You have a recurring thought such as: “I’ll never be successful.” Consistent use of the Me Center (especially the vmPFCcan cause anxiety, worry, pain, sadness, etc. But, if the Assessment Center is activated, you might respond to your thought with something like this “But, what is the evidence that I’ll truly be unsuccessful?” The Assessment Center adjusts the emotional response that comes out of the vmPFC (part of the brain that worries, ruminates) and triggers activity in the dmPFC (part of the brain where empathy comes from). It helps to gauge factual, and relevant information that is available so one can arrive at a balanced perspective and not just overthink and blame oneself for everything.

Brain with Meditation

In a recent study, participants were part of a 8-week mindfulness course. Afterwards, MRI scans revealed that the Fear Center appears to shrink.


Red = Amygdala

So, when you DO meditate, this happens:

As the amygdala shrinks, the pre-frontal cortex (Assessment Center) – associated with higher order brain functions such as awareness, concentration and decision-making – becomes thicker.

The “functional connectivity” between these regions – i.e. how often they are activated together – also changes. The connection between the amygdala and the rest of the brain gets weaker, while the connections between areas associated with attention and concentration get stronger. – Scientific American

Here is an example of what happens when you begin to use your pre-frontal cortex more.

… when you experience pain, rather than becoming anxious and assuming it means something is wrong with you, you can watch the pain rise and fall without becoming ensnared in a story about what it might mean. – Psychology Today

How cool is meditation?!

Essentially, there is now actual science behind why meditation is good for you. MRI scans have shown that the thickness of the brain increases over time with meditation. Studies are now showing that the brain begins to function better with improved thinking, and analyzing power. Meditation helps to weaken the unhelpful sides of the mPFC, but increases use of the useful aspects of the mPFC such as empathy, and compassion.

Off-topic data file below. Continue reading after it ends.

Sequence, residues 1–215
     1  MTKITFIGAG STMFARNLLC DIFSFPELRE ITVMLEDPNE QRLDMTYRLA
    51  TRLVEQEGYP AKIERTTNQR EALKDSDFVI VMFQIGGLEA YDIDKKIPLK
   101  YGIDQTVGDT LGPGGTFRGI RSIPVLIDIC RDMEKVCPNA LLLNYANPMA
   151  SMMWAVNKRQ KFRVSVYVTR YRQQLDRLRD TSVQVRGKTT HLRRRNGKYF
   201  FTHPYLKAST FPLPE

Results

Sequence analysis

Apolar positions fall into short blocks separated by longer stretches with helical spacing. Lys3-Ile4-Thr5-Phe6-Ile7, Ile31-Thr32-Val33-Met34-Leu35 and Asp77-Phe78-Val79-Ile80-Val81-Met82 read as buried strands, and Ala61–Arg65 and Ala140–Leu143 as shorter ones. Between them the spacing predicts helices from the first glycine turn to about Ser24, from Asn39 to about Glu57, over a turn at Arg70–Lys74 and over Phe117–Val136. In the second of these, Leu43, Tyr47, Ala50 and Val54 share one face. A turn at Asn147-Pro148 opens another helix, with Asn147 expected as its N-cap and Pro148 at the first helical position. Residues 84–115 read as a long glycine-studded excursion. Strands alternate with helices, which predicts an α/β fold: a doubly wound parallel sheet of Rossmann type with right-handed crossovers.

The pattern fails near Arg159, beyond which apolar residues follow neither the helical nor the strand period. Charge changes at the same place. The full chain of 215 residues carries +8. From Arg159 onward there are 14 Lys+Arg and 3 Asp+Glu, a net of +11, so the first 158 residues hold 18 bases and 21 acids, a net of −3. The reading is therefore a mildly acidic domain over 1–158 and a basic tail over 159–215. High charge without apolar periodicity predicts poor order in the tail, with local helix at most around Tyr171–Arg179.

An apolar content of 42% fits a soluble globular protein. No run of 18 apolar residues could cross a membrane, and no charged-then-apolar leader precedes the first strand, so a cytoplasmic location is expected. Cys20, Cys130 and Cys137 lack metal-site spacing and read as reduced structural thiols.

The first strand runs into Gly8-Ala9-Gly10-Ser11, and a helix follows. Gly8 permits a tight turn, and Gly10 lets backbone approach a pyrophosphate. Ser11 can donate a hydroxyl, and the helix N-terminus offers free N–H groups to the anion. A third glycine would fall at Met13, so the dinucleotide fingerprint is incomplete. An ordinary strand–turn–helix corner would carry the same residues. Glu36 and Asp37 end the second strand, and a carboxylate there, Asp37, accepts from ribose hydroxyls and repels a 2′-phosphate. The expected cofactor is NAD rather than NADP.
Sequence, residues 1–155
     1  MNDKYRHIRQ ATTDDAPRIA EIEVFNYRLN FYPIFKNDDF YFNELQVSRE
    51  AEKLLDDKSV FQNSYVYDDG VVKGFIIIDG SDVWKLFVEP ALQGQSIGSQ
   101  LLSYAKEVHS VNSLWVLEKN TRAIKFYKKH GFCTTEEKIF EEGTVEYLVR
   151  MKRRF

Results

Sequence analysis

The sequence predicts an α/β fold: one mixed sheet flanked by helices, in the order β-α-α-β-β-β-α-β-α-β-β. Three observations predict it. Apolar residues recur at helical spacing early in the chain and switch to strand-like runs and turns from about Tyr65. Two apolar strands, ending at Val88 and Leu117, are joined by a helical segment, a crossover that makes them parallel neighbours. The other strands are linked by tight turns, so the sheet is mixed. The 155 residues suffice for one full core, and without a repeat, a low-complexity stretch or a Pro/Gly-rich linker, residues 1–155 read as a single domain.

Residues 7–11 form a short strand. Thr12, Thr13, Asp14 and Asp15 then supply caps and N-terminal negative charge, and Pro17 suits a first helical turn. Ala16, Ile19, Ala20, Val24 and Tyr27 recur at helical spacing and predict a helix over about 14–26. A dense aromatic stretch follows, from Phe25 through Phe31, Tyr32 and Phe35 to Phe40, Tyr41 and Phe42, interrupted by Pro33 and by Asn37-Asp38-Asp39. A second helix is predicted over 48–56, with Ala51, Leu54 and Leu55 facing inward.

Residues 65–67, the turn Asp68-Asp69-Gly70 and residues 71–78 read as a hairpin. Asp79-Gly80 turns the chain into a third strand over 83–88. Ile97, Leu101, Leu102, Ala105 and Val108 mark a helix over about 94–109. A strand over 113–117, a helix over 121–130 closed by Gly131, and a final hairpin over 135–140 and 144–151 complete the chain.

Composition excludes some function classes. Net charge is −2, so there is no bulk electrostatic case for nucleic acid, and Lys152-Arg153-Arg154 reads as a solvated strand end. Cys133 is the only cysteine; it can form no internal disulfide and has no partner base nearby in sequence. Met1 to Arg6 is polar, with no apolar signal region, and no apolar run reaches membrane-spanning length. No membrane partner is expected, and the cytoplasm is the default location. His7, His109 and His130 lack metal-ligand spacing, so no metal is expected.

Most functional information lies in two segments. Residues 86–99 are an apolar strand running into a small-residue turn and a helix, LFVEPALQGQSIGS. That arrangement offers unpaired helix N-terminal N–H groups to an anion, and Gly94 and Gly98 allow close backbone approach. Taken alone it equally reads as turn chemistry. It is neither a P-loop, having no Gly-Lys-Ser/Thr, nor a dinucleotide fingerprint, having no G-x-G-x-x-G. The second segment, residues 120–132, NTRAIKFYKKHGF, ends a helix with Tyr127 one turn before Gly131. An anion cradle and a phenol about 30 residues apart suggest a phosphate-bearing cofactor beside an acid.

But, as with anything good in life, it requires hard work.

Practice Practice Practice

Sorry man, ain’t no easy way around this one. Meditation quite literally changes the brain for the better. It helps you see yourself and the world around you in a much more positive way. You become less reactive to things, and hence more balanced and yes…zen. But in order to build new neural pathways and connections, practice is important – that too, daily. Your brain can very easily go back to its old ways. So practice! Even if it’s just 10 minutes a day. It will change your life.

It has been a real pleasure for me to research this topic. I have gained so much respect for the amazing muscle that is the brain and for what meditation can do for it. The fact that there is actual science behind meditation, makes the reward tangible and real.

Helpful Links

In conclusion, I have included some helpful links and apps that you might be interested in checking out. If you still aren’t sure about meditation and its effects, please do check some of the links below. Knowledge is power. If you’re someone who is interested in meditation, but feel that you may not be in a good place to do it on your own – please seek the help of a meditation teacher.

What does Mindfulness Meditation Do to your Brain?

Psychology Today: This is your brain on Meditation

Harvard Study: 8 Weeks to a Better Brain  

Medical Daily: Benefits of Meditation

Free Meditation / Mindfulness Apps 

More apps (Iphone)

More apps (Android)

If you have made it all the way down here then THANK you for stopping by and reading!

Namaste